East Street London

Fresh Pan Asian Cooking at East Street, London

Just off the Tottenham Court end of Oxford Street is a new restaurant called East Street.  Aiming to offer a range of pan Asian street foods to London, the menu includes Malaysian, Indonesian, Japanese and Korean dishes all at a reasonable price with a  starter sharing platter for 2 at around £11 and mains priced mostly between £8 and £10.  The outside is an eclectic mix of far east paraphernalia that looks as if it would be better suited to China Town and when you get inside, the busy (at 1.30pm on a weekday) restaurant with a mix of communal tables and benches and smaller tables for two, is lively and vibrant


I really liked the design of East Street.  Yes it was obviously a reconstruction of someone’s vision of ‘a place in Thailand, Malaysia or similar’…but, a bit in the same way that Carluccio’s has a feel of Italy, this place did almost convince you that you might be in Bankok.  In a nice, sanitized way.  No strong smells, no grimy patches, nothing too seedy.  Someone had thought about things, the menu design, the neon signs and the wall décor made me chuckle.  It was fun, inoffensive and totally functional.  If you want to try out some pan Asian street food this would be good way to start – there’s a huge range of dishes to try and whilst some things may not be as strongly flavoured as the original, it provides a good insight into what to try next.

sharing platter at East Street

We were seated quickly and served a palate cleanser of cold redbush tea, which was surprisingly pleasant, while we worked through the menu.  My dining companion is piscetarian and while there was plenty of choice of individual dishes, the sharing platters were both predominately meat based.  However, a word to the waiter and we were provided with a substitute for all the meat items that meant we could taste a range of starters.

Edame beans were warm and fresh, our tempura fritters very light and crispy and I would happily have lunched on just the sesame prawns which were delicious.    My personal ‘least favourite’ was the Goi Cuon, which just seemed a little bland and damp.   It was a good, well flavoured selection of dishes, if I have any criticism it is at the overwhelming lack of anything spicy.  Perhaps just something on the platter with a bit more of a kick to it would have been good.  And, rather bizarrely given the attention to design detail the rest of the time, it was all served on a slate platter which looked as if it had been borrowed from a neighbouring bistro.   I’d suggest at some point introducing a vegetarian and perhaps piscatarian option for the sharing platters.  And some more spicy options.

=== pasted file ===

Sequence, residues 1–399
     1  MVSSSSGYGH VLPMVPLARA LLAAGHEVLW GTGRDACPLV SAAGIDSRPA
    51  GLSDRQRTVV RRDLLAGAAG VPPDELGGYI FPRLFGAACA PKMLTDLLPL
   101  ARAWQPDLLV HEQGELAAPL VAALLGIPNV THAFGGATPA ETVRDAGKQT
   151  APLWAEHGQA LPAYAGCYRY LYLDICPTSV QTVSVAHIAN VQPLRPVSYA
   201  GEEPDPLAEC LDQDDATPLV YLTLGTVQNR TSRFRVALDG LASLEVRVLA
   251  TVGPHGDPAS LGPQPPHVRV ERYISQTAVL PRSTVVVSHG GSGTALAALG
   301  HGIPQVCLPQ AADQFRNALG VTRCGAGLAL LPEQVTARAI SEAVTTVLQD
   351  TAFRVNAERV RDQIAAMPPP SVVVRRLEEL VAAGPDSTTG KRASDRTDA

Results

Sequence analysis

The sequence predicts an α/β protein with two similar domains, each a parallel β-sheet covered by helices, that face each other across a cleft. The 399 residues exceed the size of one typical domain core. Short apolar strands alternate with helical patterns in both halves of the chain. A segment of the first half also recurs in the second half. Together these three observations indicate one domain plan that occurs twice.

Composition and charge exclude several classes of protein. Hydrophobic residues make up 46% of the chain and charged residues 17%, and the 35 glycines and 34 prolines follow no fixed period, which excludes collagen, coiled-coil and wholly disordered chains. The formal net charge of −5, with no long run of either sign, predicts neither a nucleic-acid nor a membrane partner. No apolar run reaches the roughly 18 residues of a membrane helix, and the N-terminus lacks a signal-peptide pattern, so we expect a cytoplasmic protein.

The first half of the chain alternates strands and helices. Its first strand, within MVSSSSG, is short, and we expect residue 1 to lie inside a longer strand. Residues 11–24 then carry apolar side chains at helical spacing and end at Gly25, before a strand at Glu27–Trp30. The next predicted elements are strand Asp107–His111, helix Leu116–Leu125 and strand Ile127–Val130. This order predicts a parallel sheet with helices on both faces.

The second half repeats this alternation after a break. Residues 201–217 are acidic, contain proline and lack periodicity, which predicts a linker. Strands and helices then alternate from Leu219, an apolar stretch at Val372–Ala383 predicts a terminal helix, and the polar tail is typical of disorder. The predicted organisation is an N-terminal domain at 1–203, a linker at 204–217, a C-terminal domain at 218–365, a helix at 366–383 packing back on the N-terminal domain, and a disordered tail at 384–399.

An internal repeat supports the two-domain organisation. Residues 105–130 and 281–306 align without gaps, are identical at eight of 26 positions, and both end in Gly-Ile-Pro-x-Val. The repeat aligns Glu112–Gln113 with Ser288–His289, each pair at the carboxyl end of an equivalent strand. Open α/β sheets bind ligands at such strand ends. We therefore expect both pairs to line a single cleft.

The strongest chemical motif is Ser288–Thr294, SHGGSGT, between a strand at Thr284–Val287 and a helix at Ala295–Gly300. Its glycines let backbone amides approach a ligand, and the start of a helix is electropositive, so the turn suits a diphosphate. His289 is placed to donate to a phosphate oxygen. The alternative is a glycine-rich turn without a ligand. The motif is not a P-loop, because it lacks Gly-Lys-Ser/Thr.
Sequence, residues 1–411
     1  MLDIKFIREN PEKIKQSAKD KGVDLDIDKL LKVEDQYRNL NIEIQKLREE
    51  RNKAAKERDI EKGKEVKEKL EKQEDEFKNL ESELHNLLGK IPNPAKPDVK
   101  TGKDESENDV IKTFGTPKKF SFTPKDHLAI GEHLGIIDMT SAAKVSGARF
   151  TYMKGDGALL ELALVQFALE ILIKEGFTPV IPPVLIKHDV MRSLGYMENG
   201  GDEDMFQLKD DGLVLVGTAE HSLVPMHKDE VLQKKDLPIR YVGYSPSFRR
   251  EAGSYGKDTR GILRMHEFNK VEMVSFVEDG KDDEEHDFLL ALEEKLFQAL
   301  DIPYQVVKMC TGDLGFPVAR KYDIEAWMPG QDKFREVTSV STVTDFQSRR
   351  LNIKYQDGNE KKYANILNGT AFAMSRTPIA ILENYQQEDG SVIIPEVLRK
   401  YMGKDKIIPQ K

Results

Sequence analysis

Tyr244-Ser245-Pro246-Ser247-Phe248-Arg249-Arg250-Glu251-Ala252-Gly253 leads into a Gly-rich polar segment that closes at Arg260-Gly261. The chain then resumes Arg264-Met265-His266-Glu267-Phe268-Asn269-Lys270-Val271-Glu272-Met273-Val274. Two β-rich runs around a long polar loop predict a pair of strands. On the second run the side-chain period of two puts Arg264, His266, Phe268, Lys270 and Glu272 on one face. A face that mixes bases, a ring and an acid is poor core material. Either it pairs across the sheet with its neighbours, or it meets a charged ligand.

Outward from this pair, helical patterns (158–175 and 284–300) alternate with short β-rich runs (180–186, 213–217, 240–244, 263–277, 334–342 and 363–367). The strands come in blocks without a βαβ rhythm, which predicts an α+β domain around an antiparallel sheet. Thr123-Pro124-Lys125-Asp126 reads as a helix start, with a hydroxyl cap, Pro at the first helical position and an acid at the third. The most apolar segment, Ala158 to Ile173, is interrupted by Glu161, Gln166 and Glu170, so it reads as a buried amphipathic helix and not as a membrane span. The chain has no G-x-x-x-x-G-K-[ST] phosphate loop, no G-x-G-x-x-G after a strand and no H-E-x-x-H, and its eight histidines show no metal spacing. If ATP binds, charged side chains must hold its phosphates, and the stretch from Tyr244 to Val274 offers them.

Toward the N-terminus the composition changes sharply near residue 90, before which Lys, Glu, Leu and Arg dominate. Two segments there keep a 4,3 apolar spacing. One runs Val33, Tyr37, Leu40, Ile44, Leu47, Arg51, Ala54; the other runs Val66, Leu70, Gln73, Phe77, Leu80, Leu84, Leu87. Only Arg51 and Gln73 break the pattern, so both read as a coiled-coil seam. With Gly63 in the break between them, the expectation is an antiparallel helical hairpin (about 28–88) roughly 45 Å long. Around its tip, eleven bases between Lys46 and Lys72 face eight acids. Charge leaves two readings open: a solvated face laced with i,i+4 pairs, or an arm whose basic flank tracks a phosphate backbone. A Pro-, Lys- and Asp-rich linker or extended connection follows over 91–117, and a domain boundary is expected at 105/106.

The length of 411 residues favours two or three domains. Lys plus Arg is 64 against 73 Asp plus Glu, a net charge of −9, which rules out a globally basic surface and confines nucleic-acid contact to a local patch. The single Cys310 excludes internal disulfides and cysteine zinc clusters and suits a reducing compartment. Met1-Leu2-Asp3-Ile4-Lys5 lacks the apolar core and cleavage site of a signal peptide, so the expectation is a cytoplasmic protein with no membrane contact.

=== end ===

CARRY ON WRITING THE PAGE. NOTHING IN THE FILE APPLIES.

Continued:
I chose the Bo Luc Lac as my main course  (Vietnamese shaking beef), which came beautifully served with a side salad of watercress, tomato and red onion.  It was an easy dish to eat, with a really well flavoured ‘crust’ over tender rump steak.

shaking beef (bo luc lac)


My dining companion’s Thai Green Curry was pronounced ‘fine – but a little creamy’.

Thai Green Curry


This was very pleasant, safe Asian street food.  Nothing very spicy, nothing very strong.  Just a little dumbed down for a Western Palate, but definitely not food to offend.

banana fritters

Our desserts were pretty and really rather good.  I probably wouldn’t have ordered dessert other than a need to kill some time but the Caramen Chuoi Ran from Vietnam (banana fritters in a breadcrumb and nut crust) were lovely with sweet soft bananas coated with a crispy nutty batter and served with a little caramel and some ice cream..  My dining companion had a sticky Malaysian black rice pudding with coconut, which he clearly really enjoyed.

Balck Rice Pudding


Would I go back – yes definitely – for a pre-theatre bite to eat,  with my god-daughter or with friends on a tight budget.  Our meal with drinks came to just over £56 for the two of us.  Was it authentic – well, not really…but who cares, it was very good fun, the staff were friendly and the atmosphere lively.


Disclosure – I dined as a guest of East Street Restaurant.

East Street Restaurant

3-5 Rathbone Place




tel 0207 323 0860

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  1. Steve says

    Went there last sunday. I lived in Thailand for a long time, and the food is not authentic. The panang was literally like a supermarket panang. The portions are small, especially for the price. Wouldn’t go back or recommend to anyone.

    • says

      I think my review made it quite clear that the food is not authentic. I think it’s heavily adapted for a western palate – nothing very hot or very sour. Sorry you didn’t like it, but I can see the appeal, particular for families. And, I thought the portion size was quite reasonable for that part of London. Do you have an alternative you’d recommend?

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